July 12, 2012

Amazing Spider-Man (brief) review

I finally got a chance to see this only-a-decade-later reboot starring Andrew Garfield (The Social Network) as the geeky Peter Parker-turned-superhero.


I had only read one negative review of this flick going in, (by former MTV pundit Kurt Loder, now at Reason.com) so I was fairly optimistic. And ... the movie is good. No doubt about it. The big "but" is, however, is it good and different enough to warrant a huge reboot of the franchise after a mere decade?

The answer to that is "no."

I'll keep it simple here, breaking it down into the usual "Goods" and "Bads":


  • Garfield. His Parker and Spidey are much better than Tobey Maguire's. It's not that he's a better actor, just that he captures the essence of who Peter and Spider-Man are (or, should be). He perfectly personifies a contemporary nerd as Peter Parker, and the total wise-ass that is Spider-Man. (You probably saw the trailer where he sarcastically mocks a criminal who pulls a knife on him: "Oh no! You discovered my weakness -- small knives!")

  • Emma Stone as Gwen Stacy. Being that she's Garfield's real-life girlfriend, the on-screen chemistry between the two is sensational. She comes across as the very innocent daughter of a police captain (played by Denis Leary, by the way) that she was in the comics.

  • Mechanical web-shooters. I always hated the Sam Raimi era "organic" web shooters as Parker never possessed such in the comics. Peter is a genius who invented his own web formula (in the comics), and even though he didn't come up with the formula in this film (he did create the wrist-bonded shooters, though), this remains true to Spidey canon.

  • Simple plot. The last Spidey film (Spider-Man 3) tried to do way too much, and as such failed badly (not monetarily, though!). In 3 we had juggle sub-plots involving Harry Osborn, the Sandman, and Eddie Brock/Venom. Sheesh. In Amazing, all we had to take in was Curt Connors attempting to perfect a formula, and turning into classic Spidey villain the Lizard when it fails. Throw in the expected sub-plots of Gwen Stacy romance, origin, and the new mystery of Pete's parents, and the film is delightfully simple. Hell, even the only mention of the Daily Bugle was a brief glimpse of a headline about the Lizard!

  • Action. Amazing's action sequences are really no better than the Raimi era's (especially Spider-Man 2's, which are hard to beat), but the fact that they're at least equal to the original trilogy's is a positive.


  • Too soon. As mentioned before, there isn't anything different (or good) enough to warrant a reboot of the character this soon. I know money-wise I would be wrong, but creatively I'm on solid ground.

  • Mechanical web-shooters. As mentioned above, in the comics Peter's a genius who created the web formula. Since Amazing shows Pete to be brilliant, why doesn't he create the formula? I've no problem buying that he uses the Oscorp "bio cable" formula made by the same type of spider which bit him (and gave him his powers), but the film doesn't adequately explain how Pete managed to obtain the "bio cable" -- one of Oscorp's most closely guarded products! I'll buy how Pete managed to sneak into the lab where he got bit; what did he do though -- steal a huge supply of the "bio cable" at the same time?? C'mon. Pete managed to devise the Lizard "antidote" at the end of the flick; her certainly could have devised his own web formula.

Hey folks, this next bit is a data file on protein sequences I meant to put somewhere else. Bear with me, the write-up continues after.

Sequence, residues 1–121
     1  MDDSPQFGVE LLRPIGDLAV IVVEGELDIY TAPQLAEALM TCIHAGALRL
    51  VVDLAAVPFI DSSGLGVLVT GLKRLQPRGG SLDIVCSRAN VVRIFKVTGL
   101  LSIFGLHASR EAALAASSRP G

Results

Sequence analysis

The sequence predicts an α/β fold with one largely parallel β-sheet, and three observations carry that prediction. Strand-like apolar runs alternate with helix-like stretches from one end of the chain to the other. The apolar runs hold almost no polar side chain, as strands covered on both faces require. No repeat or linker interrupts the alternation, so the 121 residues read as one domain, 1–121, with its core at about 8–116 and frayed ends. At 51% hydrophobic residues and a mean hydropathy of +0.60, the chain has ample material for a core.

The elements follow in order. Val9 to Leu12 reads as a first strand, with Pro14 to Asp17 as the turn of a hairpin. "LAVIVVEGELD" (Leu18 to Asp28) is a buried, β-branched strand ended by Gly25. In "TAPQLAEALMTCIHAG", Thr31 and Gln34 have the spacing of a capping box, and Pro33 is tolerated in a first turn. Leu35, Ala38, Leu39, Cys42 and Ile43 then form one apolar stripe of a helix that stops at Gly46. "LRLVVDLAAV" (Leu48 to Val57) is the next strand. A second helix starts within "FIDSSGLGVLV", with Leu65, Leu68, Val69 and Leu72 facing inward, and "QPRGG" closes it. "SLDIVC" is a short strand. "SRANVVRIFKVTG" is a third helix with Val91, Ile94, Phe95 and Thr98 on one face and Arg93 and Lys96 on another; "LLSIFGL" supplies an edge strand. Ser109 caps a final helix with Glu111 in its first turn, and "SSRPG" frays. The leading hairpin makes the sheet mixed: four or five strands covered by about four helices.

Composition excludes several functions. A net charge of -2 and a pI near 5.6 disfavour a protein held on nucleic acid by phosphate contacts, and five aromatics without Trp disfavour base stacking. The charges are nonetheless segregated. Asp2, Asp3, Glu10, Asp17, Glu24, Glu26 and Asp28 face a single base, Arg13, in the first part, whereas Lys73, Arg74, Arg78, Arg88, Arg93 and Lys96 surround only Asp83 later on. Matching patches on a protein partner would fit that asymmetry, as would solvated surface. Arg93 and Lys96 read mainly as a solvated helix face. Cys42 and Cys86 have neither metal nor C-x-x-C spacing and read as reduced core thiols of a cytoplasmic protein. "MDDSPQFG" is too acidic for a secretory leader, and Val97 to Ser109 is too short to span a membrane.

• Flash Thompson. Why is the perennial [early] Parker bully even in the school -- named "Mid-Town Science School"? The school is obviously a charter or magnet school for those of higher-end intellect interested in the sciences. Pete and Gwen are shown to be quite smart; however, why is Thompson there? He's portrayed as your typical thuggish bully/jock whom everyone avoids or begrudgingly befriends out of fear. Of course, he could be a smart kid, but we're certainly not led to believe that. Not at all.

Guess who the "secret" bad guy was? Yep, Norman Osborn, whose henchman pressured Connors into using his formula on himself, turning him into the Lizard. Apparently Osborn needed a working formula for himself (for some undisclosed ailment), and in the after-credits scene we see some hidden dude (presumably Osborn) talking to Prof. Connors in jail asking if "Peter knows what really happened to his parents." MWAHAHAHAHAH!

YAWN. I never liked the fact that Marvel brought Osborn "back to life" after one of the best -- and tragic -- Spidey storylines of all. This scene could lead one to believe that a sequel could be this past story -- the Green Goblin causing Gwen Stacv's death -- but that would be silly for a couple reasons. One, the Goblin (Norman and Harry) was already used to death in the original Raimi trilogy. And two, any such parallel to issues #121-122 was already seen in 2002's Spider-Man, with Kirsten Dunst's Mary Jane Watson in place of Gwen (but obviously not dying). Of course, we could an entirely new Osborn/Goblin plot which leads to Gwen's death, but it'd still use Norman Osborn.

Be sure to also check out Carl's review.

Posted by Hube at July 12, 2012 04:01 PM | TrackBack

Comments  (We reserve the right to edit and/or delete any comments. If your comment is blocked or won't post, e-mail us and we'll post it for you.)

Excellent review, Hube. And thanks for the shout-out!

Posted by: Carl at July 12, 2012 11:29 PM

It's never too soon for a movie company to make a ton of dough.

Posted by: The Pagan Temple at July 14, 2012 10:12 AM

Carl: Thanks, and you're quite welcome!

P.T.: Absolutely right. Sad, but true.

Posted by: Hube at July 14, 2012 11:07 AM